Burma

Myanmar Archaeologists Object to Construction Near Ancient Pagodas in Bagan

By Zue Zue 9 January 2020

YANGON—Conservationists have expressed concern over a construction site located near stupas in Bagan that experts say are from the Pyu era.

The Myanmar Archaeology Association issued a statement Tuesday voicing concerns that the construction project may impact the stupas as it includes foundations around 1.5 m deep. The association said it still can’t confirm the purpose of the building or the identity of the developer.

“Nobody knows what lies underground. It shouldn’t be done without consulting with the archaeology department. We can’t accept residential buildings or other buildings built in the heritage zone,” Myanmar Archaeology Association Secretary Ko Thura Aung told The Irrawaddy.

Bagan is a major tourist draw for Myanmar and was named a World Heritage site by UNESCO in July 2019. The Pyu era lasted from 200 BC to AD 900, when the Bagan kingdom took over the other Pyu city-states and ruled from AD 1044-1287.

The statement called on authorities to intervene directly. Archaeologists believe excavations at the religious site, known as the “four-stupa site,” can uncover new findings.

“Though we can’t say definitely [regarding further excavations], these Pyu stupas indicate that Bagan had culturally flourished and Buddhism had arrived there since the Pyu era. These are very important facts,” said heritage adviser Daw Ohmar Myo.

Archaeologists believe the Pyu stupas in Bagan were built between the 4th and 8th centuries AD. Experts have also said that because the stupas are located in close proximity to Thiri Pyissaya Palace, which was built before the establishment of the Bagan empire, they should be excavated.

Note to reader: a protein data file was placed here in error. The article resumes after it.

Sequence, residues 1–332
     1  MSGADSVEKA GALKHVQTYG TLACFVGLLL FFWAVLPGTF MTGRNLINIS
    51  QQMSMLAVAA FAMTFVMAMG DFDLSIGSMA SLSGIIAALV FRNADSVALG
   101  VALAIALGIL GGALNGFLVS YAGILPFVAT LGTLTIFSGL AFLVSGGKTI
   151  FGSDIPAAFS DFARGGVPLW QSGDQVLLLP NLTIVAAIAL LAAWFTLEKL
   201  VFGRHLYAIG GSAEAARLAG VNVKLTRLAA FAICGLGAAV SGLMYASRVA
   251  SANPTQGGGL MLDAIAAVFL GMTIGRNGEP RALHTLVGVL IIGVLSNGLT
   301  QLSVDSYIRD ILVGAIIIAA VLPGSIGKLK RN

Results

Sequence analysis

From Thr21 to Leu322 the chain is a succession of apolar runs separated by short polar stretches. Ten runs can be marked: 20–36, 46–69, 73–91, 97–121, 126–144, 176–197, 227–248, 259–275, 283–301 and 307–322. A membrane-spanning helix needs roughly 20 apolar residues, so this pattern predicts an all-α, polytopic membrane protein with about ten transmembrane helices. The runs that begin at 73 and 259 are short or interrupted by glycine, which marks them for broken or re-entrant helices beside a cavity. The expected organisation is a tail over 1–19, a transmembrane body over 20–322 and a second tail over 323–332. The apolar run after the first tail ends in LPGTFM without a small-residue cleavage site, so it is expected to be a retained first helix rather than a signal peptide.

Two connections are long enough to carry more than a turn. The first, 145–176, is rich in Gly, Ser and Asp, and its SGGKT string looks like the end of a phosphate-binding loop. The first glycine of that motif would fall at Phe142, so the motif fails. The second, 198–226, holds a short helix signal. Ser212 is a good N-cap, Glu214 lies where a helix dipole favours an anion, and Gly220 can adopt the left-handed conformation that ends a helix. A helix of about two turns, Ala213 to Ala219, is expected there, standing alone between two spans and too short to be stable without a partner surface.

“New buildings like this can damage the archaeological evidence underground. This can lead to misrepresentation of the history of Myanmar people,” said Daw Ohmar Myo.

She added that the government should give serious consideration if it is to grant land-use permits in old and new Bagan as well as Nyaung-U due to their cultural significance.

Ko Thura Aung said that the regional government, if it is going to make a decision that affects a cultural heritage zone, should consult with the regional cultural heritage conservation committee and the archaeology department.

“It is unacceptable that the regional government has granted permission instead of raising an objection to [the construction]. I would like to urge them to listen to the voices of experts,” he said.

The Bagan branch of the Archaeology, National Museum and Library Department, overseen by the Ministry of Religious Affairs and Culture, reportedly remarked in 2017 that the area near the Pyu pagodas must be included in a list of conservation sites.

The Irrawaddy was unable to reach Bagan branch archaeology department director U Aung Kyaw Kyaw for further details.

Bagan is home to some 3,000 pagodas and temples dating from the 9th to the 13th centuries—a period during which some 50 kings ruled during the Bagan Dynasty.

Translated from Burmese by Thet Ko Ko

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